It would have been great to win the match but I’m more than satisfied with my performance and stamina in the roping itself.  In less than ideal conditions, I lived up to my own expectations. If my life were all tied up in what goes on at the end of a rope and when I throw my hands up, then it would be hard, if not impossible, to have a fulfilled life – because you’d live and die with each run.

Grantlin Rice, known as one of the greatest sports commentators, would always close his show with this statement that pretty much sums up my feelings: “And when that one great scorer comes to mark against your name, he marks not whether you won or lost, but how you played the game.”

A member of my church recently wrote something I want to share with you. Anyone who competes – at anything – can benefit from these words.

A Fine Line
Confidence is a great attribute to possess
God given to many, self developed by others
It produces a high unmatched by any
The effects almost drug-like
Sought after, most likely by everyone
But like drugs, overdose can be fatal
Arrogance steps in and destroys the character of confidence
Being overconfident is as dangerous as lacking
Such a fine line to walk
So walk hand in hand with God
Who is able to help us keep our balance
And ultimately have confidence in him

Until next month, God Bless and I’ll see you down the line.

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Approaching the Finals (Down the Line, Stran Smith)

This coming weekend is the San Angelo Roping Fiesta and for the first time I’m roping in the match roping. Cody Ohl and I will match on twelve calves for a payout of $15,000. Though I’ve been invited in the past I didn’t want to take a chance on injuring my horse or myself before the national finals. Now that I’m in good shape physically I’m really excited about it. I’ve backed off of my workout routine for the last week so I could be fresh without the risk of having any muscles fatigued and vulnerable to injuries.

Altogether I’ll have to rope fifteen – three in the roping and twelve in the match. Most of you will admit that you rope that in one day of practicing. Roping that many calves to the very best of your ability is tough physically and mentally and takes a lot of energy. When I was younger I would rope 40 or 50 and didn’t get sore or know I was supposed to. As little as a few years ago if I roped 25 I would be so sore I couldn’t get out of bed. Now, after a year of disciplined diet and exercise I feel like I can rope as many as I want and that’s exciting.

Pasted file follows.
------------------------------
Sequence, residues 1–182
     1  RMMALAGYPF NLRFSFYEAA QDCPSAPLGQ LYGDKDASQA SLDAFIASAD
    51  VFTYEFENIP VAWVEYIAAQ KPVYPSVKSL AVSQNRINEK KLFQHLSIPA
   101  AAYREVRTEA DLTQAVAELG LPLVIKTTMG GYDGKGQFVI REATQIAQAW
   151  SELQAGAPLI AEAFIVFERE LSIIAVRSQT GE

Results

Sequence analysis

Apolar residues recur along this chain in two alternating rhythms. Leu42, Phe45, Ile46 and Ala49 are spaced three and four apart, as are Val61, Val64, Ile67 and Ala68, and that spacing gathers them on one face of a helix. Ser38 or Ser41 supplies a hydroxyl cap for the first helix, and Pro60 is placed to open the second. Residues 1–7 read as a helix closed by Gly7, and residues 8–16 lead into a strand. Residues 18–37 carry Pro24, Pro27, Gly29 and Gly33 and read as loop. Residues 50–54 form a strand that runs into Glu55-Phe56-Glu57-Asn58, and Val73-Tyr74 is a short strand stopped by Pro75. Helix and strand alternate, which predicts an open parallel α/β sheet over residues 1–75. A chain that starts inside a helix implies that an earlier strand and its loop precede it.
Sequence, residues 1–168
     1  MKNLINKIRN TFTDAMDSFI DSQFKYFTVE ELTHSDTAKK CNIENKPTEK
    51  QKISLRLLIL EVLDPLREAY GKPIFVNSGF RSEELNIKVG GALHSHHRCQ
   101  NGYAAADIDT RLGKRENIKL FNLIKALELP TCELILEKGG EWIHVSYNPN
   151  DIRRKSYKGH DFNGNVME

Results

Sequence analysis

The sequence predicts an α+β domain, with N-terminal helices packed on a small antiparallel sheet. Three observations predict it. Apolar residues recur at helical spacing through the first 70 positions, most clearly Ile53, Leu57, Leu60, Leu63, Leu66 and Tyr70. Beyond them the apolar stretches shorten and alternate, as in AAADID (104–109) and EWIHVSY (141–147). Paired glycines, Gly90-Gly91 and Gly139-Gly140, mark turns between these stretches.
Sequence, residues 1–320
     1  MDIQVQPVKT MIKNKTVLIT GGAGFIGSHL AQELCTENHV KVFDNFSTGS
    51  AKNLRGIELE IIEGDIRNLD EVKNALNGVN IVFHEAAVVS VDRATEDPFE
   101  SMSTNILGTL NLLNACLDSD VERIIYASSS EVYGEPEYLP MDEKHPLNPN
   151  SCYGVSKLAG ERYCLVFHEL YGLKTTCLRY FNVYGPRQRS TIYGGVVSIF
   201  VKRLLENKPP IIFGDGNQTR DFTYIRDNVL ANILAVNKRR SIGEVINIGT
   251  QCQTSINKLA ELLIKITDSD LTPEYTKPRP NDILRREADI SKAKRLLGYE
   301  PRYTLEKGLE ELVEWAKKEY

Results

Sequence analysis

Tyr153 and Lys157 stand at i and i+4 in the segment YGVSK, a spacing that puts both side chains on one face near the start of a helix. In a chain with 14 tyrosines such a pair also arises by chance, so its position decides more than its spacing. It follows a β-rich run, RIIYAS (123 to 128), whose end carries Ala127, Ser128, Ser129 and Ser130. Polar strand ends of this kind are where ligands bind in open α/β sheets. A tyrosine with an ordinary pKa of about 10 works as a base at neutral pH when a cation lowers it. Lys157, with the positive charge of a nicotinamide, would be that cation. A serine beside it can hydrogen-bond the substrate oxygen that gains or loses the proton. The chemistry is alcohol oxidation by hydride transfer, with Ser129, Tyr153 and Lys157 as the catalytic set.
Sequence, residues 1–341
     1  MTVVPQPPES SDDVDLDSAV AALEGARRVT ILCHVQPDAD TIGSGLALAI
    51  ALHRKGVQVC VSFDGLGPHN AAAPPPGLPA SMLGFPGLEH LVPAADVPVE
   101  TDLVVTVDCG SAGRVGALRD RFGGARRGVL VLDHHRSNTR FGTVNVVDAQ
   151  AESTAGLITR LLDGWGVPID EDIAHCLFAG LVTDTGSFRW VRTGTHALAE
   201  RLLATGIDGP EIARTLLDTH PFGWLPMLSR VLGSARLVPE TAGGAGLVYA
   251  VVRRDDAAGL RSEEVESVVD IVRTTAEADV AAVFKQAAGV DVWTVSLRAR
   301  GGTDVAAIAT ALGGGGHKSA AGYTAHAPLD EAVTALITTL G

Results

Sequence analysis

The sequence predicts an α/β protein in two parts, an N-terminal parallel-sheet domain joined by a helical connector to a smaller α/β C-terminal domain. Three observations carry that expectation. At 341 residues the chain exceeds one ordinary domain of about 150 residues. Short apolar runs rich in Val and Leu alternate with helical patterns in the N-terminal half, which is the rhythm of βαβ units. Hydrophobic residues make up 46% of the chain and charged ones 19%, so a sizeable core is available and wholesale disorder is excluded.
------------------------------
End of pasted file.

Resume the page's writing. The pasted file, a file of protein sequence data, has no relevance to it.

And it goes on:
Match ropings can be intimidating but at the end of the day it’s still just calf roping. Whether it’s a match roping, a jackpot or the NFR it’s still calf roping. In preparation I’ve focused on my horse scoring good and being solid on the ground. That’s exactly how I get ready for the finals except for throwing faster.

We just got through with the Heartland Finals in Waco, Texas. To qualify you had to go to 30 small rodeos. If you say “30 rodeos” real fast it doesn’t sound like much but these were rodeos were hard to get to. There were quite a few last fall and winter that I didn’t make but I decided to try and qualify because the finals paid well and the money counted in the world standings. About half way through the season I was doubtful I could make them all. Then three-fourths into the season I realized I couldn’t miss any more.

Making those final rodeos required some crazy traveling. Three or four times I drove all night with little time to spare and altogether probably drove an extra 25,000 miles. Without qualifying for the finals this was not profitable because some only paid $1,100 for first. At the finals three groups of ten roped and the top four in each group advanced. It was elimination style until it got down to four ropers on one head. Thankfully I won the finals and won over $12,000 in all.

After eighteen months in development, Barry Berg, Production Manager at Cactus Ropes, and I are close to releasing my new four-strand calf rope, the 4 “Stran.” When the nylon four-strands came out it took team roping to a whole new level. I don’t know if we’ll see the same reaction in calf roping, but the rope is unbelievably smooth. Spun from 100% texturized poly at Cactus, these ropes are tough. After practicing all day I throw my rope down on the tack room floor and the next day it’s ready to go and feels the same. Our goal is to have them in stores before the national finals and I’m excited.

If you have any questions or anything you’d like me to write about, email me at strant@aol.com. God Bless and I’ll see you down the line.

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Definition of a Cowboy (Down the Line, Stran Smith)

Once again Calgary proves why they are the best and able to draw the biggest crowd in rodeo, with the exception of Las Vegas. From a contestant’s view point Calgary rolls out the red carpet. We get the chance to compete for $100,000, we get reserved parking, our stalls bedded down and each receive $1,000 when we get there. Calgary draws phenomenal crowds by showcasing the best competition and using the best livestock available, making many new fans in the process.

After a disappointing Fourth of July run, it was nice to go to Calgary and stay in one place for a week, after traveling like a mad man. I compare it to a working vacation where you get a chance to win a lot of money. Between the rodeo and the invitational jackpot I won about $20,000.